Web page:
Exactly five years after Egypt’s democratic revolution triumphed, the country is once more ruled by a military office. General Abdel Fattah al-Sisi seized power in July 2013, and he is even nastier than his predecessors.
More than 600 Egyptians were sentenced to death last year, mostly in mass trials and three-quarters of the cases involved people who had gone to pro-democracy protests. An estimated 41 000 people are in jail for supporting pro-democracy movements and many of them will be there for years to come.
When Hosni Mubarak, 30 years in power, was forced to resign the presidency on February 9 2011 by nationwide non-violent demonstrations, there was an explosion of joy. It ended an unbroken 59 years when thinly disguised military dictators – Gamal Nasser, Anwar Sadat and finally Mubarak – ruled the country and their cronies looted the economy.
When we speak about non-violent revolutions, what we are really saying is that the people who are demanding a revolution are not using violence. The regime’s forces will generally use as much violence as they think they can get away with, but so long as the protesters remain peaceful there is a limit to how much violence the state can use.
It is mostly a question of whether the killers will be caught on camera or not. The Mubarak regime’s police and hired thugs killed over 800 people during the weeks of constant demonstrations, but the victims were almost all murdered in one and twos on their way to or from the squares where the protesters gathered.
When the protestors were actually in the crowd on the square, video cameras were everywhere and the regime’s henchmen generally did not dare to use violence. So in the end Mubarak resigned and the revolution won.
Egypt’s democratic revolution followed closely in the footsteps of the Tunisian revolution that triggered the “Arab Spring”, but it mattered far more because the country’s 90 million people account for almost a third of the world’s Arabs. Despite the disaster in Syria, we would still count the Arab Spring as a success if the Egyptian revolution had survived, but it was never going to be easy.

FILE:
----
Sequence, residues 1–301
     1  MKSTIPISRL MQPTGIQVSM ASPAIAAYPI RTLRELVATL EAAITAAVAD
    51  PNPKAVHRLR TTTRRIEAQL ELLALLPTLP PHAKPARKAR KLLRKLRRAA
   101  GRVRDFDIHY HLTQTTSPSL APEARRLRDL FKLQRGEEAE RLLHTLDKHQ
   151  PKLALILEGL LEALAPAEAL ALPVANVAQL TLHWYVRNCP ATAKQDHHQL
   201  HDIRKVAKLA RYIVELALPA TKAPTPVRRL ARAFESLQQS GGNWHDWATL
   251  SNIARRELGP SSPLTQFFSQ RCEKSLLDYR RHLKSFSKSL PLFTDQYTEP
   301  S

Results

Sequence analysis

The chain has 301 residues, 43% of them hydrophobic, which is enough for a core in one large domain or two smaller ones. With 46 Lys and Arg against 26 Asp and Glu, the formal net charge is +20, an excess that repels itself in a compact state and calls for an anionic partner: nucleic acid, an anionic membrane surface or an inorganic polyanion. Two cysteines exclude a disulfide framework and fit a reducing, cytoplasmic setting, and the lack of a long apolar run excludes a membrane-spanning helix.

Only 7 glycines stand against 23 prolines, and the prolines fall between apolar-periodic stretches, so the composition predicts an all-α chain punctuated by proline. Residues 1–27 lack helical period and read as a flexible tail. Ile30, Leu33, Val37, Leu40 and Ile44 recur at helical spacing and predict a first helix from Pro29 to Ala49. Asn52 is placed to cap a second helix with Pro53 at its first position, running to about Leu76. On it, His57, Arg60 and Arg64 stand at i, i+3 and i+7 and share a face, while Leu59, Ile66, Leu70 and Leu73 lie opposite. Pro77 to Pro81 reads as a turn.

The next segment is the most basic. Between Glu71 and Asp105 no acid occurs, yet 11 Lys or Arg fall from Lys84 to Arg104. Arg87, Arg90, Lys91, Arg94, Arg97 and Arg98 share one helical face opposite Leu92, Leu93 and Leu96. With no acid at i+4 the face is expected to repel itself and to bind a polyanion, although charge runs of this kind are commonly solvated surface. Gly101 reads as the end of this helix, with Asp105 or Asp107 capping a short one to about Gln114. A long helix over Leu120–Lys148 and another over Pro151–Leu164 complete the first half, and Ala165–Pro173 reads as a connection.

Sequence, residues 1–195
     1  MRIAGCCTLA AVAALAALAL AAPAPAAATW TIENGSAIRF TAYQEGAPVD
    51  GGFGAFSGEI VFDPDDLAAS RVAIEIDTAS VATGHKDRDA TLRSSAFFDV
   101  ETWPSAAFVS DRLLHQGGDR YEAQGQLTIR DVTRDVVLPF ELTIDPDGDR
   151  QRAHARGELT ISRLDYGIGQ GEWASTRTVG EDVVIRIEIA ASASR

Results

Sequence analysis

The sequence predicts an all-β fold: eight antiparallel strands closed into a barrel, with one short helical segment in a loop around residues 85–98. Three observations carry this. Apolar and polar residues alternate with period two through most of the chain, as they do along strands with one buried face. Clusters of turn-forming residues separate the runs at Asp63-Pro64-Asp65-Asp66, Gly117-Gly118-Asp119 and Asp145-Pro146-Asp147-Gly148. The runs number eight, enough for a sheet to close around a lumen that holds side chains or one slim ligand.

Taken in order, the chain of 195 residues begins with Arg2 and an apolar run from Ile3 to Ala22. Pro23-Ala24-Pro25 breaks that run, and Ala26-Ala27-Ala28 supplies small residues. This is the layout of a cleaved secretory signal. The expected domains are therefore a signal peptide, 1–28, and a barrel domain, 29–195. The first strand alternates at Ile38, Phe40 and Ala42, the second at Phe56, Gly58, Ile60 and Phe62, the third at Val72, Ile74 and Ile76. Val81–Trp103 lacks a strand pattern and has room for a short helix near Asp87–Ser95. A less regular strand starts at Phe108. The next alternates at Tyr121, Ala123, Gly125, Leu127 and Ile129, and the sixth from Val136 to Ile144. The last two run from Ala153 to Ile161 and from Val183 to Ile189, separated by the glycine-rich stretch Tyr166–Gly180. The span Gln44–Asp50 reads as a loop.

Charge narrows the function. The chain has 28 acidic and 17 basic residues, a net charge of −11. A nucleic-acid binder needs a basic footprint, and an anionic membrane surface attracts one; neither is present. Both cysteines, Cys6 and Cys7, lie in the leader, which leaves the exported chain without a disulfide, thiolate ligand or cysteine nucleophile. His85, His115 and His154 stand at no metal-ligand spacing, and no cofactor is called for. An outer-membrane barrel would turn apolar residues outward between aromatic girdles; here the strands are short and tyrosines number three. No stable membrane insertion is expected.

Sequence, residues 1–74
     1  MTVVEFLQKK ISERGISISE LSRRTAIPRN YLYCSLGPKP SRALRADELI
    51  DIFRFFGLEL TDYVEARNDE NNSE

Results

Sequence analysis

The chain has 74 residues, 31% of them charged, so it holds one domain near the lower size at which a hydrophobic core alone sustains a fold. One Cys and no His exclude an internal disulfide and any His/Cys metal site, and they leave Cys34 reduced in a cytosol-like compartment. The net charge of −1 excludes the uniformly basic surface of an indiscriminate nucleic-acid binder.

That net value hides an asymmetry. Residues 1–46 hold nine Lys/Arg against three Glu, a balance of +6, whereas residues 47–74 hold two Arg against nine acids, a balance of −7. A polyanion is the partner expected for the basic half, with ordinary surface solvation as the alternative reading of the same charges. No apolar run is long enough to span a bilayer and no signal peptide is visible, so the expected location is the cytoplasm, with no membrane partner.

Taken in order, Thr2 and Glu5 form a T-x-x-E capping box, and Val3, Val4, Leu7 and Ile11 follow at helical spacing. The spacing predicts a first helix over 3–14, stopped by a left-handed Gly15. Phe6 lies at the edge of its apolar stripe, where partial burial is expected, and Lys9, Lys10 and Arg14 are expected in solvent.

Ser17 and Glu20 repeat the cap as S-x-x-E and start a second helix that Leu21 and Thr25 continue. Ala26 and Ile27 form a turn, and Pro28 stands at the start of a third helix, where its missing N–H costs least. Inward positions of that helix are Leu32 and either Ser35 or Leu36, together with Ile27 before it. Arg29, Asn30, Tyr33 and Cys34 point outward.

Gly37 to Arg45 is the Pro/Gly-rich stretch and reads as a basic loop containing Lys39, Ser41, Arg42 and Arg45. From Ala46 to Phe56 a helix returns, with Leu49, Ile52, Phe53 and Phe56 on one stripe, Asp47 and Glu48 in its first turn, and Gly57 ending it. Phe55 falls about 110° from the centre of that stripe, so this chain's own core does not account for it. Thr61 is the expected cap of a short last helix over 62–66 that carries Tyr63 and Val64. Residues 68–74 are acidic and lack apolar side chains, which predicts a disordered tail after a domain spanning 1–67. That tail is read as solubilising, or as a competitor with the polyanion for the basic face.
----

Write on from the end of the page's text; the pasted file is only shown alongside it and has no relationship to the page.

The protesters who drove the revolution in the cities were mostly young, well-educated and secular in outlook, but most Egyptians are rural, poorly educated and devout. Moreover, the Muslim Brotherhood, a moderate Islamist party, had for decades been providing free social services to poor Egyptians who were neglected by the state. They were grateful and they were pious, so of course they voted for the Islamists.
The young revolutionaries should have understood that the Muslim Brotherhood was bound to win Egypt’s first free election, but they did not really know their own country. Most of them were horrified when “their” revolution actually ended up making the Muslim Brotherhood’s candidate, Mohamed Morsi, the country’s first democratically elected president.
Morsi had his own problems, trying to balance his own party’s expectation of rapid Islamisation with the reality that the army and much of the urban population were committed to a secular Egypt. He had little experience in politics and he was not good at tghtrope walking, so what he probably saw as reasonable compromises were viewed by his opponents as forcing political Islam down people’s throats.
If his opponents had more political experience, they would have calculated that nothing Morsi was doing was irreversible and that the Muslim Brotherhood was bound to lose the next election.
The Egyptian economy was a disaster and the Brotherhood had no idea how to fix it, so in four years’ time they would be deeply unpopular. Wait them out and then vote them out.
Instead, the secular revolutionaries panicked. In June 2013, just one year after Morsi became president, they launched mass demonstrations demanding a new election and called on the army to support their cause. The army, of course, was only too happy to oblige. General Sisi, whom President Morsi had trustingly appointed as Defence Minister, led a military coup that deposed the Muslim Brotherhood leader.
Pro-Morsi protesters were massacred in the streets in Cairo, Morsi was sentenced to death and the Muslim Brotherhood was banned as a “terrorist” organisation. Sisi took off his uniform and had himself elected president. The army is back in power and the number of secular political activists in jail is now probably greater than the number of Muslim Brotherhood supporters.
“The level of repression now is significantly higher than it was under the Mubarak regime,” Egyptian investigative journalist Hossam Bahgat told The Guardian last month. “People from older generations say it is worse than even the worst periods of the 1950s and 60s.”
It is too soon to conclude that a modern democracy cannot thrive in the Arab world. Tunisia, after all, is still managing to hang on to its revolution and the sheer number of people that Sisi has jailed suggests that his regime is far from secure. But nobody in Egypt is celebrating the fifth anniversary of the country’s democratic revolution.
Dyer is a London-based independent journalist.